Last week's inaugural Swayze Summer film screening was a hit! At the Source's showing of Point Break we had hawaiian shirts, ratty blond wigs, Widmer beer and a whole lot of hooting and hollering during the sky diving scene (the first one). FREE entry got attendees a FREE raffle ticket and some lucky Swayze-lovers went home with prizes like swag from Crow's Feet Commons and SHARC passes.
Ready for Swayze round II? We're showing The Outsiders, Wednesday July 31, 8 pm at the Old Stone Church.
Here's what editor Phil Busse (who presented a Swayze retrospective prior to Point Break) had to say about the classic coming of age flick.
Like Harry Potter has been for the Millennials, The Outsiders was a book that had captured the imagination for the ascent Generation X. With themes of alienation, and teenagers shedding their parents’ socio-economic biases and looking past stereotypes, it was a precursor for every John Hughes film and captured the mood for a new era.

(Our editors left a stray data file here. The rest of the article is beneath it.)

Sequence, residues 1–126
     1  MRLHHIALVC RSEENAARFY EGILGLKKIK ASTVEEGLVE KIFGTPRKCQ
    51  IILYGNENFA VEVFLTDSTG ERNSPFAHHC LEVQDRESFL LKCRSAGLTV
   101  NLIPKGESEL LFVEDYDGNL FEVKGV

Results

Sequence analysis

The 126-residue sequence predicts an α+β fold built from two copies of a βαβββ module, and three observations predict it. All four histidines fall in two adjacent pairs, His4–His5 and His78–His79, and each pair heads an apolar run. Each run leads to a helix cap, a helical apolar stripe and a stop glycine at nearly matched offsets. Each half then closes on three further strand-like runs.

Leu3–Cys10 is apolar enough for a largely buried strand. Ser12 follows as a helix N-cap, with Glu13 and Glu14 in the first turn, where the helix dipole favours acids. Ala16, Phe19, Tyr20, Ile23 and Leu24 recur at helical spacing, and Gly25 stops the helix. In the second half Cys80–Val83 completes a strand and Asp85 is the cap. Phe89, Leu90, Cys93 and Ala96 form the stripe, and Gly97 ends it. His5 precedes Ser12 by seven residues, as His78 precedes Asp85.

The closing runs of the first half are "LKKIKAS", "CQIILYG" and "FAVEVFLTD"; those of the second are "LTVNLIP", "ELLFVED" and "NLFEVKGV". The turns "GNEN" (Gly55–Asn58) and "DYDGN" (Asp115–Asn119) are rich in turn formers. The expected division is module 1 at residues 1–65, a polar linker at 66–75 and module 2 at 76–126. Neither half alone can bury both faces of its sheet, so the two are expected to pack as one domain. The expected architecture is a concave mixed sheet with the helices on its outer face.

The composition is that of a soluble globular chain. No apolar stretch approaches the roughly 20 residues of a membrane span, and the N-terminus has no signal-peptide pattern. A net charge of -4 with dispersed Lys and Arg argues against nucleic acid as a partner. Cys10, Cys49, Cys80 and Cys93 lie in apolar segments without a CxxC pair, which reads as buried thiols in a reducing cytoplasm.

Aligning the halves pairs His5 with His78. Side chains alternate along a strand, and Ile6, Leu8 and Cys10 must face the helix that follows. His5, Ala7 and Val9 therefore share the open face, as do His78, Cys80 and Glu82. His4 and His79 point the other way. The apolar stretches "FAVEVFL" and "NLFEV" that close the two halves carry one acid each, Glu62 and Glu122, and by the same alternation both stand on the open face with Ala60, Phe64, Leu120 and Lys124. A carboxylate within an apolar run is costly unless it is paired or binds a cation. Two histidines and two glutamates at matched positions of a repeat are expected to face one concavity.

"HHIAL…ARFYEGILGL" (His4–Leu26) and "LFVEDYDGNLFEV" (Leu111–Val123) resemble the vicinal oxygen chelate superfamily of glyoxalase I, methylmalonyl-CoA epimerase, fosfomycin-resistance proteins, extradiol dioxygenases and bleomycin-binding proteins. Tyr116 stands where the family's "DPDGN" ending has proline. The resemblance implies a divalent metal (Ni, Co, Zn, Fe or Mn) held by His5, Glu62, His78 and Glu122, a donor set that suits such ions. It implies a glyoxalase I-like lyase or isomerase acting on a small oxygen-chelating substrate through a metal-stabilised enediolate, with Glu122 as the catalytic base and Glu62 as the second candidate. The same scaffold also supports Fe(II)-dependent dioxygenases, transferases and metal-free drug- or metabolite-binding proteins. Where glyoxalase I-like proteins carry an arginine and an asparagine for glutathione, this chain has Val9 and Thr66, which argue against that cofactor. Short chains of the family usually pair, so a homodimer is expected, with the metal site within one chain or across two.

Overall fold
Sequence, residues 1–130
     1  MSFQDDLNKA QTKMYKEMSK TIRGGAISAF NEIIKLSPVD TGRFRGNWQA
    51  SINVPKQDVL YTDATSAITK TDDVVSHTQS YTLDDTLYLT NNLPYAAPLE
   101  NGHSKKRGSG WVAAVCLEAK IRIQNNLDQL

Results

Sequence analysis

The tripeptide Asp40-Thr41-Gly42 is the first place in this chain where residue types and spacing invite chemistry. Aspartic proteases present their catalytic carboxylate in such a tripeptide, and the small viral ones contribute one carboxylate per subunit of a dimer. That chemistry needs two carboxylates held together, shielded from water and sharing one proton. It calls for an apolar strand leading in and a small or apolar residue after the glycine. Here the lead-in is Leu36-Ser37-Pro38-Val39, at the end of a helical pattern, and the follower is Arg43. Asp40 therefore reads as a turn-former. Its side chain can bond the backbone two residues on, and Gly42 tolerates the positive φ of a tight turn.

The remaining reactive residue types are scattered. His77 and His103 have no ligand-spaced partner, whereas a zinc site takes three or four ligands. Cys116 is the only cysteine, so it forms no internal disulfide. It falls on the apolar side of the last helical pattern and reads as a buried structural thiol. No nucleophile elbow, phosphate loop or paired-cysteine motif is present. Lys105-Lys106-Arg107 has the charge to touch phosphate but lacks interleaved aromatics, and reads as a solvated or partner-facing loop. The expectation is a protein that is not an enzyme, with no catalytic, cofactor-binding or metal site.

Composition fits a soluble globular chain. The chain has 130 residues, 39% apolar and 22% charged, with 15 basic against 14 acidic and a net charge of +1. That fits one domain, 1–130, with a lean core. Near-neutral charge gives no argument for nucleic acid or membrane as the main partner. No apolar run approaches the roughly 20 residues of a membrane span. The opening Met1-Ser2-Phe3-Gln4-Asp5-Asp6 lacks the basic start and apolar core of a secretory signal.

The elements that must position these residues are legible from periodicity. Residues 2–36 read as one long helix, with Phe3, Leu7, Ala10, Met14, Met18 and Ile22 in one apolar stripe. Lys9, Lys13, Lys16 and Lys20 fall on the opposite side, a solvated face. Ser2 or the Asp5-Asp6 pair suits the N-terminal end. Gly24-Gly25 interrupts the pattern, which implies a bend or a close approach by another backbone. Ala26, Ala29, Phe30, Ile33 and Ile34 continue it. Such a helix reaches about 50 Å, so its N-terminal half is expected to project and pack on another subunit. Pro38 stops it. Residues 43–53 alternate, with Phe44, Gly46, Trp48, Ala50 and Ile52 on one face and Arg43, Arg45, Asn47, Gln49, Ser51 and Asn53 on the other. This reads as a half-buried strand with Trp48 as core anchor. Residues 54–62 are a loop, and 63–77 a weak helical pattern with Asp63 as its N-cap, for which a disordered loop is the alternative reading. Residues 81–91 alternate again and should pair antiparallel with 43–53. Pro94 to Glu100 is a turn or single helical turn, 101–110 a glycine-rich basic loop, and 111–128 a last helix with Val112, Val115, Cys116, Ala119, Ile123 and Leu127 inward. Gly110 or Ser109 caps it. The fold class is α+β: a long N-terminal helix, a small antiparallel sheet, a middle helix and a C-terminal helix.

But what makes The Outsiders, the movie, such a watershed moment is the casting. Sheen’s oldest son, Emilio Estevez, was pulled in as a Mickey Mouse t-shirt wearing, sugar-crazed goofball, and an unknown Ralph Machio plays a tender lost boy who can’t but help attract trouble, a role that bounced him to the career-defining character as “The Karate Kid.”
In fact, none of the actors in The Outsiders were established yet, but the film served as a starting point for cinema in the ‘80s—and beyond. It introduced Matt Dillon and Rob Lowe to stardom, and also cemented Tom Cruise as an “It” actor.
Swayze was the only other actor with a semi-established career, but it was his role as the older authority figure in The Outsiders that plucked him from a mundane career and landed in the celebrity jet stream and as a peripheral member of the Brat Pack.